Aim This study reviews the empirical evidence on care delivery in complex emergencies (CEs) to better understand ways of improving care delivery and mitigating inequity in care among refugees and internally displaced persons (IDPs) in CEs. Subject and methods A systematic search was conducted in Web of Science, MEDLINE, PubMed and Embase. A manual search was conducted in the WHO Global Index Medicus and Google Scholar. Peer-reviewed English-language publications that reported results on care delivery in CEs were included for review. There was no limitation on the year or the geographical location of the studies. The content of the publications was qualitatively analysed, and the results are thematically presented in tabular form. Results Thirty publications were identified. Information regarding coverage, accessibility, quality, continuity and comprehensiveness of care service delivery was extracted and synthesized. Findings showed that constant insecurity, funding, language barriers and gender differences were factors impeding access to and coverage and comprehensiveness of care delivery in CEs. The review also showed a preference for traditional treatment among some refugees and IDPs. Conclusion Evidence from this systematic review revealed a high level of unmet healthcare need among refugees and IDPs and the need for a paradigm shift in the approach to care delivery in CEs. We recommend further research aimed at a more critical evaluation of care delivery in CEs with a view to providing a more innovative and context-specific care service delivery in these settings.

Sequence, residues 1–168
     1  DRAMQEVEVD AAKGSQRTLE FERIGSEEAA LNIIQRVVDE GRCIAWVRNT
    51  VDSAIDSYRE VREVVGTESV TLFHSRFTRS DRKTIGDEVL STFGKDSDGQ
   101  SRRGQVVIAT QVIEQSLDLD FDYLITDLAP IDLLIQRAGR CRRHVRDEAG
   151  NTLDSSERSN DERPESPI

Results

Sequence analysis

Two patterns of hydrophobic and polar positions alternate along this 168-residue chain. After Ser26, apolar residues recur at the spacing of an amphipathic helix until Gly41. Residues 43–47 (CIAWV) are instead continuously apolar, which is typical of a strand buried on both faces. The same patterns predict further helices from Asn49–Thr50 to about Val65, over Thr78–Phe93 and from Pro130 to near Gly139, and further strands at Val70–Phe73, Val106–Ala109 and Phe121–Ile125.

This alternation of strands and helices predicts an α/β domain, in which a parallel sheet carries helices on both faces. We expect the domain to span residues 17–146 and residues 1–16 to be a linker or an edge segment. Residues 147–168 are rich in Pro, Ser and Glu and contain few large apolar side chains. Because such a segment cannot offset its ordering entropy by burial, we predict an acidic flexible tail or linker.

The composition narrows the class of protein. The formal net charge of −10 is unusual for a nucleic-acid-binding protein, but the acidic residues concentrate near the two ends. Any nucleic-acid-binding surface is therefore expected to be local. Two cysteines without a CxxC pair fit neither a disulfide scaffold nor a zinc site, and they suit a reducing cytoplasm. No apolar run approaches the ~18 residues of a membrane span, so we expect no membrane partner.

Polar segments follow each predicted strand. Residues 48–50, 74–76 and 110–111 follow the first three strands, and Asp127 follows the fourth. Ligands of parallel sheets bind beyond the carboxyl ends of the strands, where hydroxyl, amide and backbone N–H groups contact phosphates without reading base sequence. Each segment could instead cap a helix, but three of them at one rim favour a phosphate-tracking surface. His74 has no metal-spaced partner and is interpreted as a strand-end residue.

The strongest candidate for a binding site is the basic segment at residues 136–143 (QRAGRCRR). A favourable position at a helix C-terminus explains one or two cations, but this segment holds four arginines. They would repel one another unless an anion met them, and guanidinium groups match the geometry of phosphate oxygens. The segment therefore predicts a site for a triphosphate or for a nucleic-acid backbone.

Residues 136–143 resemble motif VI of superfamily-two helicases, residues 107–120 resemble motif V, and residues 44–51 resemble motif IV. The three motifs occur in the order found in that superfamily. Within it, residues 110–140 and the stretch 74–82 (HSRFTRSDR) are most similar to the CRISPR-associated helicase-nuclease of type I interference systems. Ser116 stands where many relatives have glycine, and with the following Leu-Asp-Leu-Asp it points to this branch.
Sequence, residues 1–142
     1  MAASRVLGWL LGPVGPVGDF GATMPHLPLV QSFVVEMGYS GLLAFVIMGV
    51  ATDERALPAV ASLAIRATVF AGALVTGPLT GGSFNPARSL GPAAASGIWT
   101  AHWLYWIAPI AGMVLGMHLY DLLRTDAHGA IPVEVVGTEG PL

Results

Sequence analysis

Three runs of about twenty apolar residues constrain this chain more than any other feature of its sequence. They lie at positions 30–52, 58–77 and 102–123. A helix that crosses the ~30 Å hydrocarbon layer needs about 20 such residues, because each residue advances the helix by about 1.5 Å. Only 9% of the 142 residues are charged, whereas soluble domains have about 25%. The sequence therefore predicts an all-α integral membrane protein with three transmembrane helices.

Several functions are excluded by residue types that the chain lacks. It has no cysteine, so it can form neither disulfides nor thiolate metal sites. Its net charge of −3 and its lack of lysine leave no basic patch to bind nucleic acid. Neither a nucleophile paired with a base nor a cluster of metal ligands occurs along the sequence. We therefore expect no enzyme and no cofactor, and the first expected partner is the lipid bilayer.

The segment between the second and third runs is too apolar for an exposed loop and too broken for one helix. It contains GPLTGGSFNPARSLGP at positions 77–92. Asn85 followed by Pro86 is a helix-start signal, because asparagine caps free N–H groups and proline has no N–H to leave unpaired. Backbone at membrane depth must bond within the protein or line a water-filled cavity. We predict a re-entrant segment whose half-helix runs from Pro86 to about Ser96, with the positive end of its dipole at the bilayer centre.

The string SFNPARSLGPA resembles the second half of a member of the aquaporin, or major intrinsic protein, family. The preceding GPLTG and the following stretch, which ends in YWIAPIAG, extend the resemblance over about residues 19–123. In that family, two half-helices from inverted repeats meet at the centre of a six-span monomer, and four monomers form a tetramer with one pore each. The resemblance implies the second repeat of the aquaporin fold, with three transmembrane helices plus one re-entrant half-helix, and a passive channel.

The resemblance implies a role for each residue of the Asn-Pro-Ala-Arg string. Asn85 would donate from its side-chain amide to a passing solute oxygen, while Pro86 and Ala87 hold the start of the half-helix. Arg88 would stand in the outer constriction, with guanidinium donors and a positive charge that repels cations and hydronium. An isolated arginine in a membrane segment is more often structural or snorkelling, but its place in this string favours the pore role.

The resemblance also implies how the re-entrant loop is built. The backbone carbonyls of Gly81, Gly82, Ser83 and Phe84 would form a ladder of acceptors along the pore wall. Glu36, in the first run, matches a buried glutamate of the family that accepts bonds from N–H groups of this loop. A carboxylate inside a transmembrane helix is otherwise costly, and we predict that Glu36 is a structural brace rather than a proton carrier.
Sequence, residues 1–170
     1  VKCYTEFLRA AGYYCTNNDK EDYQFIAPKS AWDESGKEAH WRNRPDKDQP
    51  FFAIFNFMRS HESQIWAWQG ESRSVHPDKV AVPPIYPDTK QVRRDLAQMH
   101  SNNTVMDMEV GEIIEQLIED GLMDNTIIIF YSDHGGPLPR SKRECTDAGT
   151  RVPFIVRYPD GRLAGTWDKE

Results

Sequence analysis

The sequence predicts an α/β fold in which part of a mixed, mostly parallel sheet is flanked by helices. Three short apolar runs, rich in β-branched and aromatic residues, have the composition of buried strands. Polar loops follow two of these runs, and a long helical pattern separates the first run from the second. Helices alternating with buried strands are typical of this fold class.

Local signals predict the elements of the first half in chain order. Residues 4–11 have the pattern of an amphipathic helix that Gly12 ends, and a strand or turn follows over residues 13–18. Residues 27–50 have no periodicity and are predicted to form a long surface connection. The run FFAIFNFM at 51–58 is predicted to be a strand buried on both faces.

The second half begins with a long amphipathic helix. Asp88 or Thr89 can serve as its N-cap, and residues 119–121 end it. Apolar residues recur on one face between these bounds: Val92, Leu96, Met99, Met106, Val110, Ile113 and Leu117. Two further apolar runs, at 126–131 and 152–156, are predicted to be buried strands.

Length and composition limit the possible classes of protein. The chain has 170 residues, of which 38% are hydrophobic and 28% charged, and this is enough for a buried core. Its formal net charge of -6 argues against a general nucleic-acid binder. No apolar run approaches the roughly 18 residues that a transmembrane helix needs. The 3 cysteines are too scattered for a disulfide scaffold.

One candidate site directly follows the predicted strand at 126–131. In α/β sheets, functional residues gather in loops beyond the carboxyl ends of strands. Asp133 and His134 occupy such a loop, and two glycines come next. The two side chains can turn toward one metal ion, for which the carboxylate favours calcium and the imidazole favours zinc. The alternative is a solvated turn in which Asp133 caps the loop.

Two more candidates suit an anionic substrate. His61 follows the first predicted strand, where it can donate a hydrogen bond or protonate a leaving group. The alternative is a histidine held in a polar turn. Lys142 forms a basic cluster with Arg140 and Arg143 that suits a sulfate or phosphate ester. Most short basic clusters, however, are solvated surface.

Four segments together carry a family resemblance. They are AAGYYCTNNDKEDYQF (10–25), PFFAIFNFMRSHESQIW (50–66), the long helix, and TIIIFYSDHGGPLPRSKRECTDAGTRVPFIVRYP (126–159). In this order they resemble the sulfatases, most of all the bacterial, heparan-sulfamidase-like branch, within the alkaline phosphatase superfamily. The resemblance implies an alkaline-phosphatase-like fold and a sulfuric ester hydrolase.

- Complex emergencies
- Displaced population